Thanks for the info!
I think you are right, overnight there could be some jobs (such as backup, update, virus-scan etc) that cause high disk IOPS.
285 IOPS is pretty high, I think - that could require investigation. What application runs inside that VM? However there are many factors, and you can decide that it is normal for your environment (especially if it does not stay around 285 all the time)
If you look at the VM Disk I/O Dashboard (in VMware Virtual Machine\ Performance Views) - how long do these VMs stay above 100 IOPS? How many samples? (5 mins by default).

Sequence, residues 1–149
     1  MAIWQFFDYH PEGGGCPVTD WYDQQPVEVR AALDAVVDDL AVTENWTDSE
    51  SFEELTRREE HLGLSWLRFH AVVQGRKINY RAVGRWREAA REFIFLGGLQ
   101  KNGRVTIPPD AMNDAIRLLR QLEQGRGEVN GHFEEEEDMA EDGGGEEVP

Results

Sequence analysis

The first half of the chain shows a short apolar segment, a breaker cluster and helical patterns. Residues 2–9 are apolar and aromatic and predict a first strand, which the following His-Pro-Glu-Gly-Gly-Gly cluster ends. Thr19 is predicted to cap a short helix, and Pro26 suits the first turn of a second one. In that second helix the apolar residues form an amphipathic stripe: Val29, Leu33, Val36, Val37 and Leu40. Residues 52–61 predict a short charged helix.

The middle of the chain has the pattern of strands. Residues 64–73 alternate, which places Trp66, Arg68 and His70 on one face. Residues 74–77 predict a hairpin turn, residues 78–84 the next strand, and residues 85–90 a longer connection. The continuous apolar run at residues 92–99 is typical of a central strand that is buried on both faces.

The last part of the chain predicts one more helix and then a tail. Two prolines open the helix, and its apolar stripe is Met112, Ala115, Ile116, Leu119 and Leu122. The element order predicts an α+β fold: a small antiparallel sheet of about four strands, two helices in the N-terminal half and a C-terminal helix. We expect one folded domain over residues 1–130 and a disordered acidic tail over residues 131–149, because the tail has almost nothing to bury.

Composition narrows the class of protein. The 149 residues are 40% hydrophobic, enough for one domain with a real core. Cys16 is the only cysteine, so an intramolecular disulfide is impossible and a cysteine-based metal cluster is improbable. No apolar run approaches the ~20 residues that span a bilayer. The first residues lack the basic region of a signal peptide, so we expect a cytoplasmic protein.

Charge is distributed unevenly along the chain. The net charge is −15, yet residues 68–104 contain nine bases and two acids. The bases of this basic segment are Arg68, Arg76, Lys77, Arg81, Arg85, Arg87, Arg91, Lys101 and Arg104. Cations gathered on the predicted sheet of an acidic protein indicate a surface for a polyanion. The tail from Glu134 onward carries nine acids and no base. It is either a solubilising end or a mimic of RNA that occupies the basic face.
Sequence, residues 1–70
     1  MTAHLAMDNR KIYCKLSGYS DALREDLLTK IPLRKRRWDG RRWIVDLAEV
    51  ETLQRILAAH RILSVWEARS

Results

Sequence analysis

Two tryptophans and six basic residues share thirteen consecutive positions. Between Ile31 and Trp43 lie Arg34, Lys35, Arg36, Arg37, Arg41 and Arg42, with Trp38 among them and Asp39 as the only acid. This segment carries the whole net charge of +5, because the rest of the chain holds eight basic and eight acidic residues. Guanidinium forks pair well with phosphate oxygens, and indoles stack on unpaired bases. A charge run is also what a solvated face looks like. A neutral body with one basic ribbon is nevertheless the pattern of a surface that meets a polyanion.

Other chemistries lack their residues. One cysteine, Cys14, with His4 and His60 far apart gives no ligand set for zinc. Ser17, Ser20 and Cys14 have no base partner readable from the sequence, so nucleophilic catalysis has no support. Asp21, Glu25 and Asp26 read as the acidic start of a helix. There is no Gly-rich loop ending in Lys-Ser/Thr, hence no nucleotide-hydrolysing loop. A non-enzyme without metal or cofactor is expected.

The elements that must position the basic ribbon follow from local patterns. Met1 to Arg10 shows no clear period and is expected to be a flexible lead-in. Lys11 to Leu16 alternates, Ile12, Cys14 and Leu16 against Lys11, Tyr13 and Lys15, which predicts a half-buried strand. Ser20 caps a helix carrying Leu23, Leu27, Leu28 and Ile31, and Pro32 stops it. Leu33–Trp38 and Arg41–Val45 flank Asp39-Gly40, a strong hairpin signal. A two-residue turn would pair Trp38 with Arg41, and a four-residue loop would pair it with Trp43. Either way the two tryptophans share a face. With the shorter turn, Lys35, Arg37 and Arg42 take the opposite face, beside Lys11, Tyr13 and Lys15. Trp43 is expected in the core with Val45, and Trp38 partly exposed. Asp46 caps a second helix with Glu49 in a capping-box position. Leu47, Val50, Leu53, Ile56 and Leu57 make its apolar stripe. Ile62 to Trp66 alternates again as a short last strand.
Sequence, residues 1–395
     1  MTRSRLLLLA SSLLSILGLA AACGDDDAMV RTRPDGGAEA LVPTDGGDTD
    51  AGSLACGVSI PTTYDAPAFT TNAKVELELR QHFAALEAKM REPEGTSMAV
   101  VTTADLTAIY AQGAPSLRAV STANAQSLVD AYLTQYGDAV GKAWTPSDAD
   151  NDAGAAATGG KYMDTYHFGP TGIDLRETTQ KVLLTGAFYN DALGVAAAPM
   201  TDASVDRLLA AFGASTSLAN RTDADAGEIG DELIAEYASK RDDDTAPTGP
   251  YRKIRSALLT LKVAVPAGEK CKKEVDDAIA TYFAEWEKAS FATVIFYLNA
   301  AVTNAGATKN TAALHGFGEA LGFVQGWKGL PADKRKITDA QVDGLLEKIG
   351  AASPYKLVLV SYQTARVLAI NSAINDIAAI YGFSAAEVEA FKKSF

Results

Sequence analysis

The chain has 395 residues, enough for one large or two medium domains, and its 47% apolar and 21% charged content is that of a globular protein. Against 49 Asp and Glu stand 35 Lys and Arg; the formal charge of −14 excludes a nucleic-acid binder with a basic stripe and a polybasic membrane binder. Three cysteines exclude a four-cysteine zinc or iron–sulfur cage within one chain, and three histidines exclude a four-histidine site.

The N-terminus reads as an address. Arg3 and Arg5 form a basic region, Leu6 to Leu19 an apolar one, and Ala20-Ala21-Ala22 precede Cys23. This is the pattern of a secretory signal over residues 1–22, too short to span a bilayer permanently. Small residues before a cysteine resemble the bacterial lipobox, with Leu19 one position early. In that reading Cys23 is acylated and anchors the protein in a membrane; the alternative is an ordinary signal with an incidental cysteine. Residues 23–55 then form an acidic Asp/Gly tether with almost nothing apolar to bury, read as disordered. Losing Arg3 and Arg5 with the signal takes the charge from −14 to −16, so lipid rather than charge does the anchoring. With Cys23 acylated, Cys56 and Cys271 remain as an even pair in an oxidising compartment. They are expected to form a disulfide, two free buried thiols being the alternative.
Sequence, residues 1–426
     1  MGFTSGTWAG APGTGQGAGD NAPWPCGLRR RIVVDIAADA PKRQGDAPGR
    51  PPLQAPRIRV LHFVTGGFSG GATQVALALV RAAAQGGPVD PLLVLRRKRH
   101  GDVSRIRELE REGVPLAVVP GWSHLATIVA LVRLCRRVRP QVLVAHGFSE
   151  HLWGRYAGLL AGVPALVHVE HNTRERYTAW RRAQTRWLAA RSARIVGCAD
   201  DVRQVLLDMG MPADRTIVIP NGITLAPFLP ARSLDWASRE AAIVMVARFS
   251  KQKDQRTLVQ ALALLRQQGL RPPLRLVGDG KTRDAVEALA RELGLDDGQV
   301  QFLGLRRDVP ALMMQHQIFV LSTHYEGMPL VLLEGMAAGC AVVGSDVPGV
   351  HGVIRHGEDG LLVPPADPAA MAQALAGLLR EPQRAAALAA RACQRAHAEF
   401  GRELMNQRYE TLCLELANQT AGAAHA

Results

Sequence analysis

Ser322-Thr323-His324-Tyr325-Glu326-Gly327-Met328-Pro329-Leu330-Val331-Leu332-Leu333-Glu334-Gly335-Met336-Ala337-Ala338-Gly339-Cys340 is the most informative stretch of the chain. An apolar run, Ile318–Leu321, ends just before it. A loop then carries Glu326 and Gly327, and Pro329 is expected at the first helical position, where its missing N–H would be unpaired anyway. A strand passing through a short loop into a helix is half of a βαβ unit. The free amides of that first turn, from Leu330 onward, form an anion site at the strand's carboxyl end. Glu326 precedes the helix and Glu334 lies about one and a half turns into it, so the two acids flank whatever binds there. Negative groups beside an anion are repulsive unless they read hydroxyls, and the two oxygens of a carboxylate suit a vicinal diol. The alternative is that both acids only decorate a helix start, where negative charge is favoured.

If you look at the Host Disk I/O Dashboard (in VMware ESX Host Server\ Performance Views) - what is the totalDiskIOPS at the host level during these times?
If you drill-down into \disk performance views you can also see diskIOPS for each Host vmhba.
You might find after investigation that you can re-schedule VM backup jobs, virus-scans or patching/updates so that VMs on same Host, or same storage, do not all demand high disk I/O at the same time.
This is one purpose of the nworks MP - to help you optimise your environment
But anyway, you also have the option of using SCOM Override(s) if you decide that the high IOPS values are normal operation for you. You can -
1. increase the default threshold of 100
2. increase the default sample count of 2
Please let me know how it goes - this is great feedback for me!